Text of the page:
There is a variety of equipment to assist in the maintenance of a marine aquarium. Some are essential such as the heater/thermostat, others are supportive for example the auto top-up system. The calcium reactor is often supportive, but in some circumstances it can be argued that it is essential.
First of all, what is a calcium reactor? This device is a means of getting calcium into the seawater. This is achieved by slowly moving the seawater through a calcium rich media in an acidic environment. The device is attached to two inputs, first seawater and second carbon dioxide. The seawater is as said fed into a media area where the gas is present. The gas is injected under careful control, usually a bubble count. The acidic environment created causes the media to dissolve and the seawater carries calcium into the aquarium. The flow rate is slow, counted in drips per second or similar.
The amount of calcium demand is the key to the usefulness and effectiveness of using a calcium reactor. There is a need to measure the calcium in the aquarium, so the only way to know is to test. Testing will let the aquarist know what calcium presence there is, but what needs to be replaced for that which is used? The answer lies in doing an ongoing weekly test as in this way the calcium demand of the aquarium can be ascertained. When the amount at the end of the period is subtracted from the amount at the beginning an indication of the demand is obtained.
If the aquarist is running a fish only aquarium then a calcium reactor is not required. If the system is a reef then the aquarium size has an effect.
A small aquarium will house a smaller reef which in turn will support less corals. So the calcium demand is going to be lower. It is more than likely that a soft coral reef will need little or even no supplementation as these corals have a low demand. A hard coral reef such as SPS will have a higher demand.
A large aquarium will obviously usually house a large reef with many more corals. In this case, though soft corals have a low demand for calcium, because of the number the need is going to be greater and supplementation may well be required. It is generally safe to state that a large reef with many hard corals such as SPS will need supplementation.
Having determined the amount of calcium loss over a week, the aquarist can now determine the best way of replacing it. There are two main ways, one is to use commercially produced supplements that are available in liquid or powder form or a calcium reactor. The choice will be determined by cost and convenience.
On the small reef, the soft coral one, the demand as said will be low. In this case it is likely to be financially sensible to use a commercially produced supplement. With the low demand the supplement is going to last for many uses and therefore will not be an excessively expensive option. If it is a hard coral reef the demand will be higher and the aquarist will need to consider how long a supplement package will last and the cost involved, and then make a decision about using a reactor.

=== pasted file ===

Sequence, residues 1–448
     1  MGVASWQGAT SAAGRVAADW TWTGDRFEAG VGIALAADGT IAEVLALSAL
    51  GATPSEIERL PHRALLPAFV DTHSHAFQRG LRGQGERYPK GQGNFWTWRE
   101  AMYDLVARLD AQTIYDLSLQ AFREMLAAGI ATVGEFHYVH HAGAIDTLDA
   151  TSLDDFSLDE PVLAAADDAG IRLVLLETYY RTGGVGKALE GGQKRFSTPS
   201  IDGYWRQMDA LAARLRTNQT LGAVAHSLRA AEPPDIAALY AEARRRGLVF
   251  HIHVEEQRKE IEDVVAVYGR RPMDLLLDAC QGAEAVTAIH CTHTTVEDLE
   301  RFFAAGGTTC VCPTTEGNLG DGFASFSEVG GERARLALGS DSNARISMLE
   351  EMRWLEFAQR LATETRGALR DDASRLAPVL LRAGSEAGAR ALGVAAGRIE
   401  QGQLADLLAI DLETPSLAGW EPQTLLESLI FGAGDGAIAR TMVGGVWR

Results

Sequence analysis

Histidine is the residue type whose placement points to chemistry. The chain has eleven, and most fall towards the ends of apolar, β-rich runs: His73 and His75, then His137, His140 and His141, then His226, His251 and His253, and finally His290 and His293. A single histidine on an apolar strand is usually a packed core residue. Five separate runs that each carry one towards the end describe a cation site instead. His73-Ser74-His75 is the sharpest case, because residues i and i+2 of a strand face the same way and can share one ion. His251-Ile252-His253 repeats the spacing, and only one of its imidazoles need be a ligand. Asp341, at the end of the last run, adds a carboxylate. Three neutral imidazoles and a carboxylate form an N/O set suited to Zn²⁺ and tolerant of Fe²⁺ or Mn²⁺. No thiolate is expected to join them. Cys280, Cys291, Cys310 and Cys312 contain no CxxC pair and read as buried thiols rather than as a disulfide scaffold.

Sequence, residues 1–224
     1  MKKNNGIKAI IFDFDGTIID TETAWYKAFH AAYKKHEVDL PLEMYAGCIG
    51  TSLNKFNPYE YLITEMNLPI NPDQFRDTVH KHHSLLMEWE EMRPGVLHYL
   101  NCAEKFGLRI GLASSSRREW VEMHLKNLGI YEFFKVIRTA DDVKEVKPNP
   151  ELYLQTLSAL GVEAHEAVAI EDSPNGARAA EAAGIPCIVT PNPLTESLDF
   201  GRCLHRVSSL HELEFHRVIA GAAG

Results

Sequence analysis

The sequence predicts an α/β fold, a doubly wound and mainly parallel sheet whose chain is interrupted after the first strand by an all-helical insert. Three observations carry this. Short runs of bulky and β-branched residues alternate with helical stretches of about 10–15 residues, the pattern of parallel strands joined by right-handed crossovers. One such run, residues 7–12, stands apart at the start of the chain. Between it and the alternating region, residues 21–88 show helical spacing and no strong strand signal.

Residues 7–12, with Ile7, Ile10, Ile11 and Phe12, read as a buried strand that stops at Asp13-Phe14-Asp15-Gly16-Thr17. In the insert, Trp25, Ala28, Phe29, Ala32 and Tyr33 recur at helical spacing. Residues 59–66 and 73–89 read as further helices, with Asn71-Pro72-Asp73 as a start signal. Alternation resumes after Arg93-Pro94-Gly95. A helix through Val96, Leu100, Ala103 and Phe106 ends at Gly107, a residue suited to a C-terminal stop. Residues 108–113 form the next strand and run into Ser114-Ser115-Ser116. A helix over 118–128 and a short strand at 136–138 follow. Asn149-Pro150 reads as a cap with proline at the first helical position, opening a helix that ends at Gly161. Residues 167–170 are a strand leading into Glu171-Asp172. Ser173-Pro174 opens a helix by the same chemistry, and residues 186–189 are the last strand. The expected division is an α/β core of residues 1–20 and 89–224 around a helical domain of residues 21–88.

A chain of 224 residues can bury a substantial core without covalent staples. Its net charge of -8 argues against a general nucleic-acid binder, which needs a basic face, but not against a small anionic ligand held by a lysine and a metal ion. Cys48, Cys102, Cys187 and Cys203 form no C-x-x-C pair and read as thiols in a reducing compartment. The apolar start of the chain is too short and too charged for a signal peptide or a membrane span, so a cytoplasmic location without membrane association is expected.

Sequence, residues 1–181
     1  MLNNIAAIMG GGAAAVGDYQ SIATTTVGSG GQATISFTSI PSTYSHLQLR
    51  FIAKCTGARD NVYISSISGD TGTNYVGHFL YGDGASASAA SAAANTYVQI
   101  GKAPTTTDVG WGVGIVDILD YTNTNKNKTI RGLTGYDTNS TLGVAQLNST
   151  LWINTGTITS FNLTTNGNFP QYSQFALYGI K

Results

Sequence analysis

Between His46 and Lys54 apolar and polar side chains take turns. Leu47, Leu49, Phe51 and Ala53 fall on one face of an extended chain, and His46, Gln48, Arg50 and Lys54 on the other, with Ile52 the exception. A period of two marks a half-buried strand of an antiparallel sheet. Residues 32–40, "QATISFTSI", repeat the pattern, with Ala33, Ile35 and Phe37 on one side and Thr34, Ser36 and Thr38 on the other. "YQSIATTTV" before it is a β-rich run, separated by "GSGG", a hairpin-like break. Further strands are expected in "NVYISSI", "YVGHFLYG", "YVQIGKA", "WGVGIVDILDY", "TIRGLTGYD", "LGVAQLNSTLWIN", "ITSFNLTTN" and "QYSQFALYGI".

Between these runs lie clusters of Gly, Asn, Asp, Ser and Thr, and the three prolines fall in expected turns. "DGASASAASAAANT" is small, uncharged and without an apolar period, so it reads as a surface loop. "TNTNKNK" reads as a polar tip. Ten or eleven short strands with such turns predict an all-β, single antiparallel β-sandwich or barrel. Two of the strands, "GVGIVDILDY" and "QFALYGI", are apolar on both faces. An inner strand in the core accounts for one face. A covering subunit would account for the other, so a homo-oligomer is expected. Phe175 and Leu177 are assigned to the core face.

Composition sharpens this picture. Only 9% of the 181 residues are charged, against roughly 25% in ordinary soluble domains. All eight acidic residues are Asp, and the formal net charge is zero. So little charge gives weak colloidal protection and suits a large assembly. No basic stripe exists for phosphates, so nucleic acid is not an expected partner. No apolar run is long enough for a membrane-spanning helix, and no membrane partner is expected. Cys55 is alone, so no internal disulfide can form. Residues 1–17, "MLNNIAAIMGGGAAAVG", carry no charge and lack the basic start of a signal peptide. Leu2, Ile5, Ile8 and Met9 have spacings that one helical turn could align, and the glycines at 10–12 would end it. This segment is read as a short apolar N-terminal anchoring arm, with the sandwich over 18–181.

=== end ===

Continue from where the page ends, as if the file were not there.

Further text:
The large reef if a soft coral one may still have a calcium demand that can be sensibly met by a purchased supplement. The hard coral reef however is going to need a much larger amount and so only perhaps three or four doses will be available for each commercial supplement purchase. This is going to prove expensive as time progresses.
Having done the tests the aquarist is aware of the calcium demand per week, so a decision can be made. For the large reef, certainly the hard coral type, it will be better to employ a calcium reactor. Even though routine seawater changes are done the calcium shortfall will not be made up and package supplementation will be expensive and impractical. For the smaller aquarium the aquarist may decide to employ a calcium reactor for the hard coral reef, even though package supplementation is an option, as the reactor is convenient and once purchased less expensive to use.
The lowest guideline for an SPS reef calcium level is 400 parts per million (ppm), but it is usual to maintain a level of around 420 to 450ppm. A little rise and fall in the level seems not to be a problem. This rise and fall will occur when weekly supplementation is employed using a commercial product, but is less or removed with the use of a reactor as the device is applied continually or more regularly.
It is important when using a commercial supplement or a reactor to follow the manufacturer’s instructions. The commercial supplement is straightforward but some initial additional attention to testing is needed with the reactor. How fast is the drip rate? The faster it is the more calcium is entering the aquarium. Adjustment should permit the calcium requirement to be met. Attention must also be given to the amount of gas entering the media chamber, this is usually indicated by a bubble rate.
Even though testing to establish the calcium demand has been done in the early weeks, the final demand cannot be discovered until the reef is fully stocked with corals. The ongoing demand will also vary to an extent. It is good husbandry to continue testing for the calcium level so that changes can be catered for.
Maintaining an acceptable calcium level will prove to be very worthwhile, the corals particularly hard types will benefit and also small reef life such as shrimps and snails.